Posts Tagged ‘Ecology in the kitchen’

How Green is My Galley?

Saturday, April 18th, 2015

Note: One of my husband’s favorite flicks is the classic How Green Was My Valley?, which takes place in a Welch mining village at the turn of the 20th century. My title is a spin-off. (The movie is a real tear-jerker and very well-acted.)

In thinking about Earth Day, I thought I would question myself as to how green is my own galley kitchen (The word galley refers to a ship’s kitchen, which is a narrow walkway with cabinets and counters on both sides, common in apartments like mine.)  So here is short list of things I am now doing and how I can improve.  Please send me your ideas for making a cleaner, greener kitchen in the Comments.

Green Note: Natural Awakenings, a local publication that sometimes publishes my book reviews, has an excellent article by Lane Vail called Spring Greening. The author gives us a “tutorial” on chemicals to avoid in the house, not just the kitchen. It is only two pages and i highly recommend reading it.  Google: Spring Greening: Easy Ways to Detox a House by Lane Vail and the article will come up. Quite comprehensive!

1. Laundry detergent– I fluctuate among several different brands, some from the health food store and some from the supermarket. My spouse doesn’t think the natural detergents from the health food store are good, so we are back-and-forth on a trial and error path.  Since I do the laundry, eventually I will use the most ecological ones I can find.

2. Cleansers – Because several of the cleansers make me sneeze with an ingredient my body does nut like, I stick with Mrs. Meyer’s or Bon Ami, both of which do the job. I also use vinegar and water, baking soda in a water solution, and hydrogen peroxide inside my toilet bowls and on my toilet seats.

3. Paper Products/Cloth Napkins We do use paper towels, thrones that are serrated into 2 smaller pieces, for floor wipe-ups and sometimes as napkins. But I also have a large bag of rags that I use regularly for cleaning floors, walls, mirrors, etc. I use cloth napkins for every meal and they go into the washer every few days, with the restofmy laundry. And I wash my rags in the washer to reuse again & again.

4. Sponges – I buy sponges that are earth-friendly, like the ones in the photo called Twist, make from plants and are dye-free. Sometimes I cannot find these and revert to the commercial brands, but I believe even Target carries natural fiber sponges.

5. Garbage – Unfortunately, I am unable to compost in our condo, although last summer I took my compost to a bin next to the church garden on the corner about 2 blocks from here, dropping off my veg. compost on my errands. I stopped when the snow became too hard to wade through on the church lawn, and but hope to resume composint soon.  However, I do save my organic odds and ends from veggies (tops of carrots, bottoms of asparagus, etc.) to make soup stock, so much of my scraps do get used. As for garbage bags, I buy plastic from Whole Foods, which are touted as biodegradable.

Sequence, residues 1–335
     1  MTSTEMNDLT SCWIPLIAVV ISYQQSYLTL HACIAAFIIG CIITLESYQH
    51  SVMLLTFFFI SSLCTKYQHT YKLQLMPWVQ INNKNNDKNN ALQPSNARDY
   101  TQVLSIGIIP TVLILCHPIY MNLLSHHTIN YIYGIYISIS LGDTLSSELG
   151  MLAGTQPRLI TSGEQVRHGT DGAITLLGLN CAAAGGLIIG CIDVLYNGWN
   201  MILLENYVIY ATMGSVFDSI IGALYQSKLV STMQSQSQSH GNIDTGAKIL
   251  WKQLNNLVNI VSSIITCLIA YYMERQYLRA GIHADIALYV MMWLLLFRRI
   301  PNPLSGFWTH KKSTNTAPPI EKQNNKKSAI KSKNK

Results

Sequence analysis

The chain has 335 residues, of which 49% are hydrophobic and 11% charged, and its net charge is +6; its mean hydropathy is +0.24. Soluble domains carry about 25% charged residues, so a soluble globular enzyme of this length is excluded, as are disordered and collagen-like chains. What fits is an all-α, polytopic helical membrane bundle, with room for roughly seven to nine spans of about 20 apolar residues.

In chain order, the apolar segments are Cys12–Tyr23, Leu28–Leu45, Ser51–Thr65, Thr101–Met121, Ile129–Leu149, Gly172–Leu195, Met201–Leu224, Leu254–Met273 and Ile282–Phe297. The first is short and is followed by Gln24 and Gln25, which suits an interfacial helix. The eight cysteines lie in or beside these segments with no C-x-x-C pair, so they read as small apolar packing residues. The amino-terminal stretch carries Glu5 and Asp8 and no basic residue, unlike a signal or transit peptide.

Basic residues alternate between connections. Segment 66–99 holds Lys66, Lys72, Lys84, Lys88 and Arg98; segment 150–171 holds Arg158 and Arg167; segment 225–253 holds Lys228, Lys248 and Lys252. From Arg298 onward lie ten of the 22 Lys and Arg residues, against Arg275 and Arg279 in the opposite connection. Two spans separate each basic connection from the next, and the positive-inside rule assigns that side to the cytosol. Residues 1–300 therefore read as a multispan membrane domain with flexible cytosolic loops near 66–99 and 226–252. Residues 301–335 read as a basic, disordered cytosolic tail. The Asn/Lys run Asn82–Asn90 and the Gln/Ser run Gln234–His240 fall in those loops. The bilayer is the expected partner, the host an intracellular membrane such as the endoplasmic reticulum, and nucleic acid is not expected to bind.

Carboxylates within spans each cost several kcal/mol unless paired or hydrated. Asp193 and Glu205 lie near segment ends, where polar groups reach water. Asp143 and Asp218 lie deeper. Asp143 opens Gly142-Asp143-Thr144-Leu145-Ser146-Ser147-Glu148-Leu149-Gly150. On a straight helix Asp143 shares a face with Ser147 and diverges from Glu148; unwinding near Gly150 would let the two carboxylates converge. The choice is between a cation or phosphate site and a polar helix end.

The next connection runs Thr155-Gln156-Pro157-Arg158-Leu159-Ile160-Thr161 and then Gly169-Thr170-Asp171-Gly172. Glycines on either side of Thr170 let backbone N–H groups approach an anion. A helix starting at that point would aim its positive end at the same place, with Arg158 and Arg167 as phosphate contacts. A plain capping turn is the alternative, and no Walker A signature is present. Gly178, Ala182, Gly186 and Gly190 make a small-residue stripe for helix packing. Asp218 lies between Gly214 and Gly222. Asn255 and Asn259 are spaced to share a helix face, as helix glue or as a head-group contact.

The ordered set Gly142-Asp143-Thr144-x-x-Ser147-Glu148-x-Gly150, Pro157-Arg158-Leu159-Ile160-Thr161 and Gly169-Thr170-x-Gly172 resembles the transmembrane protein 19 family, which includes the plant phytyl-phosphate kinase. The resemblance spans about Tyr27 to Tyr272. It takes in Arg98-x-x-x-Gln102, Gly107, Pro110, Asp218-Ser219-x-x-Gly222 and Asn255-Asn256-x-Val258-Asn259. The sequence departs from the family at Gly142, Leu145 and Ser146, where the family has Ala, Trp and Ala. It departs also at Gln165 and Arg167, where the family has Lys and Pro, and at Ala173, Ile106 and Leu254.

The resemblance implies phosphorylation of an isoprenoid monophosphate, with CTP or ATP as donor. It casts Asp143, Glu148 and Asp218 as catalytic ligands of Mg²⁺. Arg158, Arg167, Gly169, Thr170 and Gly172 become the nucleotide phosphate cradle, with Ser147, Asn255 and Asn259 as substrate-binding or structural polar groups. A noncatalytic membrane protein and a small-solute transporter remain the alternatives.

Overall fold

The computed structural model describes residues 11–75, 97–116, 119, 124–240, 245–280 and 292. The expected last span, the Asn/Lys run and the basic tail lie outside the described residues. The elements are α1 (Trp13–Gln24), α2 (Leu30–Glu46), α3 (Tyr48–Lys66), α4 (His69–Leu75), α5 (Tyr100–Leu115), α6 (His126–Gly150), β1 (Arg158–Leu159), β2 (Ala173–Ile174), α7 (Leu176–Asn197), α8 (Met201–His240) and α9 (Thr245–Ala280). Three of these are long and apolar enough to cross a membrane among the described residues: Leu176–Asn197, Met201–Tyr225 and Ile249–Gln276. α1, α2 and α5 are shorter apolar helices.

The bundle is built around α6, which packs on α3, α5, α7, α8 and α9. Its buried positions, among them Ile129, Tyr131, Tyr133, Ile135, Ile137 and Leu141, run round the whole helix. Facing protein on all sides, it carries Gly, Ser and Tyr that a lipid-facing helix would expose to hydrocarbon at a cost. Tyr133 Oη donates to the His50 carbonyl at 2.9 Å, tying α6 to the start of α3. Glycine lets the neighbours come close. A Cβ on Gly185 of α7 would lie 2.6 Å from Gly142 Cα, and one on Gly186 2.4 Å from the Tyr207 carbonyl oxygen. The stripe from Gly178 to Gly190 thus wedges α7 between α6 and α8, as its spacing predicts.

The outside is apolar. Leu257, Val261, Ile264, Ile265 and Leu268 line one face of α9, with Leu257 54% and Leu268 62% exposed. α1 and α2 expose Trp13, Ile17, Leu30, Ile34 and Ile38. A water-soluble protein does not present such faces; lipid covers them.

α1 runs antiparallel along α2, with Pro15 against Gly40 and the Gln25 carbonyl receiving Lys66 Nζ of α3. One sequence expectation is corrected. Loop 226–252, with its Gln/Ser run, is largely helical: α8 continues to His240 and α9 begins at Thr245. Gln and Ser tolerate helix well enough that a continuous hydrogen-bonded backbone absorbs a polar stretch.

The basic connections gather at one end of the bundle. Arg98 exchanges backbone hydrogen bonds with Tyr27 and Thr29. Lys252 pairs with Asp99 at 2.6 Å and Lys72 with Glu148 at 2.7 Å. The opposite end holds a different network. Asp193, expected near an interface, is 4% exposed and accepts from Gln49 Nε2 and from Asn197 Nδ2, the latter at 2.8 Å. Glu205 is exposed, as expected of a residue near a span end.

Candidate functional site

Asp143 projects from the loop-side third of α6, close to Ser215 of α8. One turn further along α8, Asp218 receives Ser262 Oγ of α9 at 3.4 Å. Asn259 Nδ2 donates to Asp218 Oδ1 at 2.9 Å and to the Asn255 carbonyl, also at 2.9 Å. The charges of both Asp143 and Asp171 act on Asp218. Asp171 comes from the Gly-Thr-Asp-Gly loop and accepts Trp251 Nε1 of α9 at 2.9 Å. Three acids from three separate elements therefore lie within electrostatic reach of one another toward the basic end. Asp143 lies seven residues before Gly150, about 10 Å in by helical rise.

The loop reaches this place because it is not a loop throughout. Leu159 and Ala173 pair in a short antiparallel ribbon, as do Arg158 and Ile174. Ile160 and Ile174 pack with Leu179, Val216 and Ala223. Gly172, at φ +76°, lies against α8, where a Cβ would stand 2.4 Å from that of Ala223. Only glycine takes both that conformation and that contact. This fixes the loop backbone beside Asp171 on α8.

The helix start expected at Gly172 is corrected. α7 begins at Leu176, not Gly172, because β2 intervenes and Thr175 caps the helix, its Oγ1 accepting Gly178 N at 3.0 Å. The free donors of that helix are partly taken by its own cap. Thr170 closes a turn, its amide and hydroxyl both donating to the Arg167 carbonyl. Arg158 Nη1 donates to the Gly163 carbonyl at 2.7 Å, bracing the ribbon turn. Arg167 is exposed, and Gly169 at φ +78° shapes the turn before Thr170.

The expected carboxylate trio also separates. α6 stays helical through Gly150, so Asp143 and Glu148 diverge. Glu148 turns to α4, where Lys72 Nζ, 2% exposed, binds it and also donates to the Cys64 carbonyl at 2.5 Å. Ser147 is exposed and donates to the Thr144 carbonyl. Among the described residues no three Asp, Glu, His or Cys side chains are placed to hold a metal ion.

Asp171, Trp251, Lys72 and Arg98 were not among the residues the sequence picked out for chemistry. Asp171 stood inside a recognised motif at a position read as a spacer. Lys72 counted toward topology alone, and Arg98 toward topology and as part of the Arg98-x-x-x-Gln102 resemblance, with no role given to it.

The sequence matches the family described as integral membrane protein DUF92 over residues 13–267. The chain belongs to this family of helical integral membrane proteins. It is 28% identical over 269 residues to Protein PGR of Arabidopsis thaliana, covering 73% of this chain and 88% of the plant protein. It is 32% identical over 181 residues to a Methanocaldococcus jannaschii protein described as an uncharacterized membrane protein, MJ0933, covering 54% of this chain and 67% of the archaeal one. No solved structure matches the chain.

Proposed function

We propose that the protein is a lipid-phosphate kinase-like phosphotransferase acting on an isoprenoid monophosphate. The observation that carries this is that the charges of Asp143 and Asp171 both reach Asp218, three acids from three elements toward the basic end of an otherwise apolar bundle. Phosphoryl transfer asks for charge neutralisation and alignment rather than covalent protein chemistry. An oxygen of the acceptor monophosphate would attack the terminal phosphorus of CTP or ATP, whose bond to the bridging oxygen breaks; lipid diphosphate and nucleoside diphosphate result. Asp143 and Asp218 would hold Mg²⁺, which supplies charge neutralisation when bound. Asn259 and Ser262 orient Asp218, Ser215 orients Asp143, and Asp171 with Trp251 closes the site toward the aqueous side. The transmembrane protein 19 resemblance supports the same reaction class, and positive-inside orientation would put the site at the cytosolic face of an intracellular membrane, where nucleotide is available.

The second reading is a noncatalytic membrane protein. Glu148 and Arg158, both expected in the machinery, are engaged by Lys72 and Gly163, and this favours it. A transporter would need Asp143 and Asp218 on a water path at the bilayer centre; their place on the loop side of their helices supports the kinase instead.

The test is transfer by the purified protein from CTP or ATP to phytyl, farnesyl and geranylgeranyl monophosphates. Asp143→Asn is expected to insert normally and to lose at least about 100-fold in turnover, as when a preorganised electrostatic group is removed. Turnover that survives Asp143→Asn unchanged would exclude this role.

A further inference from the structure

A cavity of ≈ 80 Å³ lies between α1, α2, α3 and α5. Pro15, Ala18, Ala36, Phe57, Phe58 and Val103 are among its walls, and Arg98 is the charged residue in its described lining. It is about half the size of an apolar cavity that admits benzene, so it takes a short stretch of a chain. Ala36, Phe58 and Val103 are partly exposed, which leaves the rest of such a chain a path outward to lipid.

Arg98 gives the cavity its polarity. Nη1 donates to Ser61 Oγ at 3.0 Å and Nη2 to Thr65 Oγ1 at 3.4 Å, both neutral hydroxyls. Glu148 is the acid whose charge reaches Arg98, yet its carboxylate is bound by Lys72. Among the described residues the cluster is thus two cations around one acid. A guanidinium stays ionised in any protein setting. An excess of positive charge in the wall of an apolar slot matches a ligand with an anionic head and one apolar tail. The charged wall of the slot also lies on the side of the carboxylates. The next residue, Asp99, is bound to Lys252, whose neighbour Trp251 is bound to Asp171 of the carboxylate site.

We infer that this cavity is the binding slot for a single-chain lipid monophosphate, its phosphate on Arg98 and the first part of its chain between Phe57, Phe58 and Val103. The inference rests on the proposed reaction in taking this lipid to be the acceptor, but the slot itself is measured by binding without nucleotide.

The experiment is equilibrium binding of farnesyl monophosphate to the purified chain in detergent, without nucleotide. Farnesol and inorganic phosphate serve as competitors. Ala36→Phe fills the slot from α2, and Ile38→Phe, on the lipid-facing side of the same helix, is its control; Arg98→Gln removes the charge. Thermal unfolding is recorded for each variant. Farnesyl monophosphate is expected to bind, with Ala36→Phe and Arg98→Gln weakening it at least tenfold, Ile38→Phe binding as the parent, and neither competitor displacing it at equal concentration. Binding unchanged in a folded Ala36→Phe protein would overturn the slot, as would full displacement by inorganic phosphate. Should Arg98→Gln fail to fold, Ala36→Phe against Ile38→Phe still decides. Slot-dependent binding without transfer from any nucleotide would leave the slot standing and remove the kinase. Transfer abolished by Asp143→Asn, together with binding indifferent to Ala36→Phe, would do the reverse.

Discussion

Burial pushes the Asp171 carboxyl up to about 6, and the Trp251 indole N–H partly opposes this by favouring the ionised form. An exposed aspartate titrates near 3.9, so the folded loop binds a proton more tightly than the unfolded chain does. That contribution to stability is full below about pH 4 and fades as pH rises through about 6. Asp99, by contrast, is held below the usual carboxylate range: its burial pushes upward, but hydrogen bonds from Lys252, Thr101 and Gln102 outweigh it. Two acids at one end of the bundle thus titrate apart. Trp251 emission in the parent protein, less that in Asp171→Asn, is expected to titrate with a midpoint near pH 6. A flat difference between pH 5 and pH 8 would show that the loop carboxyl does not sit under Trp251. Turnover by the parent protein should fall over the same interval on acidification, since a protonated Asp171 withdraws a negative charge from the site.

6. Water I have a water filter under my sink that allows me to have filtered water without reverting tolerate plastic jugs. I have a stainless steel water carrier and only use plastic occasionally, like when I travel, although I may bring my ss water carrier in my backpack with no water in it.

7. Plastic vs Glass – As Lane Vail points out in her article Spring Greening (see note above for Google link)avoid products that common plastic bottle that aren’t BPA-free. Glass is still more ecological.

8. Food– Start eating organically, especially foods you eat or give your kids every day, such as apple. Check out the Environmental Working Group’s Dirty Dozen/Clean Fifteen by going to

9. Skin products – Products you use in the kitchen (and bath) that are harmful to your skin need to be avoided, such as harsh cleansers for dishes and spot removers for clothing. (I use a natural spot remover from Whole Foods and Dawn with no phosphates for hand washing my pots.) My Ayurvedic practitioner says that if you can’t eat, don’t put it on your face. Good advice!

Room for improvement:

I know that if each one of us, myself included, made one or two changes in our kitchens that were ecologically sound, the changes may not make a gigantic impact, but over time, there would be an impact, so I urge you to look at where you can make changes to a difference in the future of the planet. Happy Earth Day!